I have to use Python and Django for our application. So I have two versions of Python, 2.6 and 2.7. Now I have installed Django. I could run the sample application for testing Django succesfuly. But how do I make sure whether Django uses the 2.6 or 2.7 version and what version of modules Django uses?
Django 1.5 supports Python 2.6.5 and later.
If you're under Linux and want to check the Python version you're using, run
python -V from the command line.
If you want to check the Django version, open a Python console and type
>>> import django >>> django.VERSION (2, 0, 0, 'final', 0)
import sys sys.version
For Django (as mentioned by others here):
import django django.get_version()
The potential problem with simply checking the version, is that versions get upgraded and so the code can go out of date. You want to make sure that '1.7' < '1.7.1' < '1.7.5' < '1.7.10'. A normal string comparison would fail in the last comparison:
>>> '1.7.5' < '1.7.10' False
The solution is to use StrictVersion from distutils.
>>> from distutils.version import StrictVersion >>> StrictVersion('1.7.5') < StrictVersion('1.7.10') True
When you installed django, it was likely in only one environment. It is possible that you have two different versions of django, one for each version of python.
In from a Unix/Mac terminal, you can check your python version as follows:
$ python --version
If you want to know the source:
$ which python
And to check the version of django:
$ python -m django --version
For checking using a Python shell, do the following.
>>>from django import get_version >>> get_version()
If you wish to do it in Unix/Linux shell with a single line, then do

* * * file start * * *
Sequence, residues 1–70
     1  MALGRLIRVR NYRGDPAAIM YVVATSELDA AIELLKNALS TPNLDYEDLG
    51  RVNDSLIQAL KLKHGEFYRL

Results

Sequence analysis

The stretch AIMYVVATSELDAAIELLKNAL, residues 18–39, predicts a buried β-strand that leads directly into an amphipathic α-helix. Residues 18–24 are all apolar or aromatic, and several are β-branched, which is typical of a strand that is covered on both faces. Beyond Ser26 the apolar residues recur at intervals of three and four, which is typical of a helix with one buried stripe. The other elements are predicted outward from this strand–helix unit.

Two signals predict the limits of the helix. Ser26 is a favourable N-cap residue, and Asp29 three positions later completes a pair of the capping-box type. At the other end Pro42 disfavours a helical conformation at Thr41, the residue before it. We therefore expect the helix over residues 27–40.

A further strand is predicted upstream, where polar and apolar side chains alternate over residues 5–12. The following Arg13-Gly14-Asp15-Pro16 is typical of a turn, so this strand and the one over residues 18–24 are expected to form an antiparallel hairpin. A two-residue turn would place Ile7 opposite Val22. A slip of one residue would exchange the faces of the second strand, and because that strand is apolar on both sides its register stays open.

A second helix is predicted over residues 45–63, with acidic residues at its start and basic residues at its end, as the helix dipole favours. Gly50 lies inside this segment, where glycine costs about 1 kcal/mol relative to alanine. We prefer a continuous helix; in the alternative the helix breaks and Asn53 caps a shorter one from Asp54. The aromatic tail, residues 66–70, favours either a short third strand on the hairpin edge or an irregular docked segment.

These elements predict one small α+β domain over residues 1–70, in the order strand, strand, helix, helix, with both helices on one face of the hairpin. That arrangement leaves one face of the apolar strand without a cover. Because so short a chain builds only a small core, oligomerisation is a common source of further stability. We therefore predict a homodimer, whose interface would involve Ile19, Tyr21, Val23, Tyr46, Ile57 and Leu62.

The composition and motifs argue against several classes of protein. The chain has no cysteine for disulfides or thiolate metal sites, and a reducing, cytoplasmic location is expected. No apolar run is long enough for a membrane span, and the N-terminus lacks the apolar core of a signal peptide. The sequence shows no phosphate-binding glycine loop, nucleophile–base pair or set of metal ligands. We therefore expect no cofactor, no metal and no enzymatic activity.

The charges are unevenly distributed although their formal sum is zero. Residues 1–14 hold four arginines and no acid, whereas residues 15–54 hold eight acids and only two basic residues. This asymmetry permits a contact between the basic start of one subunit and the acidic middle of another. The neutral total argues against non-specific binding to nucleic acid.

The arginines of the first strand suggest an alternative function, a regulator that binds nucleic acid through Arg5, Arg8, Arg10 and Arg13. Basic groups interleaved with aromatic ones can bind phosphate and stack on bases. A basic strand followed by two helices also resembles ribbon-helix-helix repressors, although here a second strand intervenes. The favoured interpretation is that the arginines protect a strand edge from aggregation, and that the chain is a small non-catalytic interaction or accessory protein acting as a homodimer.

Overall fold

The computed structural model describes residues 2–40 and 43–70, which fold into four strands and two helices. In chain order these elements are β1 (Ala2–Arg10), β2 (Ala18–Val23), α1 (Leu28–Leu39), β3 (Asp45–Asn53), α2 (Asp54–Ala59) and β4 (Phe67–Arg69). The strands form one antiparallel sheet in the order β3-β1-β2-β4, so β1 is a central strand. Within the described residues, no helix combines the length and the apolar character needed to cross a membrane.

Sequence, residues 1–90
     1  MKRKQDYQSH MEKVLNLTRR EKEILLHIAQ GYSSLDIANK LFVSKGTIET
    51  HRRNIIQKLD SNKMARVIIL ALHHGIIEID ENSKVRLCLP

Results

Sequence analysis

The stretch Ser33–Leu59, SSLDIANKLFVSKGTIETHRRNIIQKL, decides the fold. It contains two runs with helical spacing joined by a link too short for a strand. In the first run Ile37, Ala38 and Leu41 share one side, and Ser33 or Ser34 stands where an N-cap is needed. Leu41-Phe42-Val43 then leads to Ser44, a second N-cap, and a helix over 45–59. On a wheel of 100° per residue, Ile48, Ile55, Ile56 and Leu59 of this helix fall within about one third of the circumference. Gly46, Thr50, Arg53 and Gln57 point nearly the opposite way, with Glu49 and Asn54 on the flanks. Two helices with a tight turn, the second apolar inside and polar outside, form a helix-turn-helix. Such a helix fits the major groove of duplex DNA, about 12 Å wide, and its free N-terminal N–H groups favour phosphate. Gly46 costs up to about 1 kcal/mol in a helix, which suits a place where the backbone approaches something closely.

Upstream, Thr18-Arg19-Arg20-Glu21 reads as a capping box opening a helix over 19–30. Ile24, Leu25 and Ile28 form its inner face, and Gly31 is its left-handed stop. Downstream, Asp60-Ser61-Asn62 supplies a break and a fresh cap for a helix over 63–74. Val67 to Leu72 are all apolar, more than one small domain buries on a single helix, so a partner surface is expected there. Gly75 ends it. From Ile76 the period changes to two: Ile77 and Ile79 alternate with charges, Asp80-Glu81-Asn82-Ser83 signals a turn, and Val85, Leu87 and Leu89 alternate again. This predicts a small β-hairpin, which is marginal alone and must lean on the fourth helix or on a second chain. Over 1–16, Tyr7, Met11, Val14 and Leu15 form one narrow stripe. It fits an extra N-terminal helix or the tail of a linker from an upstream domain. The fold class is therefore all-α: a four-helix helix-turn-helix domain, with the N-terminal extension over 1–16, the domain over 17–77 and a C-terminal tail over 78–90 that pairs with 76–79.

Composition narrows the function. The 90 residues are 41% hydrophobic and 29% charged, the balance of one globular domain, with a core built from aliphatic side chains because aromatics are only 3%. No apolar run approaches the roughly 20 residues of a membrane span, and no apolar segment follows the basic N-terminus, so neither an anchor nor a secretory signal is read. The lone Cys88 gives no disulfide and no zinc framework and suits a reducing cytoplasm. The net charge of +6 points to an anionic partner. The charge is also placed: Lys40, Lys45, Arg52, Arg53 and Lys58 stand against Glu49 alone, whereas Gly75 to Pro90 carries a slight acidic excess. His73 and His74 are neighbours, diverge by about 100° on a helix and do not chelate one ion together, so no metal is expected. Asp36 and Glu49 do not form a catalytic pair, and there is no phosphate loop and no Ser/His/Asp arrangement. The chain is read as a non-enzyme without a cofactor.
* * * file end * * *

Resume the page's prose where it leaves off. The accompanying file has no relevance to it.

python -c 'import django; print(django.get_version())'
Once you have developed an application, then you can check version directly using the following.
python manage.py runserver --version
Django will use the version of Python specified by the PYTHONPATH environment variable. You can use
echo $PYTHONPATH in a shell to determine which version will be used.
The module versions used by Django will be the module versions installed under the version of Python specified by PYTHONPATH.
There are various ways to get the Django version. You can use any one of the following given below according to your requirements.
Note: If you are working in a virtual environment then please load your python environment
python -m django --version
python manage.py --version
pip freeze | grep Django
python -c "import django; print(django.get_version())"
python manage.py runserver --version
Django Shell Commands
import django django.get_version()OR
from django.utils import version version.get_version()OR
import pkg_resources pkg_resources.get_distribution('django').version
(Feel free to modify this answer, if you have some kind of correction or you want to add more related information.)
There is an undocumented utils versions module in django
With that you can get the normal version as string or a detailed version tuple:
>>> from django.utils import version >>> version.get_version() ... 1.9 >>> version.get_complete_version() ... (1, 9, 0, 'final', 0)
I thought the most pythonic way was:
>>> import pkg_resources; >>> pkg_resources.get_distribution('django').version '1.8.4'
This ties directly into setup.py: https://github.com/django/django/blob/master/setup.py#L37
Its definitely the best way to get the version number of ANY package!
Also there is
>>> from distutils.version import LooseVersion, StrictVersion >>> LooseVersion("2.3.1") < LooseVersion("10.1.2") True >>> StrictVersion("2.3.1") < StrictVersion("10.1.2") True >>> StrictVersion("2.3.1") > StrictVersion("10.1.2") False
As for the
python version, i agree with @jamesdradbury
>>> import sys >>> sys.version '3.4.3 (default, Jul 13 2015, 12:18:23) \n[GCC 4.2.1 Compatible Apple LLVM 6.1.0 (clang-602.0.53)]'
Tying it all together:
>>> StrictVersion((sys.version.split(' '))) > StrictVersion('2.6') True
If you want to make Django version comparison, you could use
django-nine (pip install django-nine). For example, if Django version installed in your environment is 1.7.4, then the following would be true.
from nine import versions versions.DJANGO_1_7 # True versions.DJANGO_LTE_1_7 # True versions.DJANGO_GTE_1_7 # True versions.DJANGO_GTE_1_8 # False versions.DJANGO_GTE_1_4 # True versions.DJANGO_LTE_1_6 # False
protected by Community♦ May 26 '15 at 7:30
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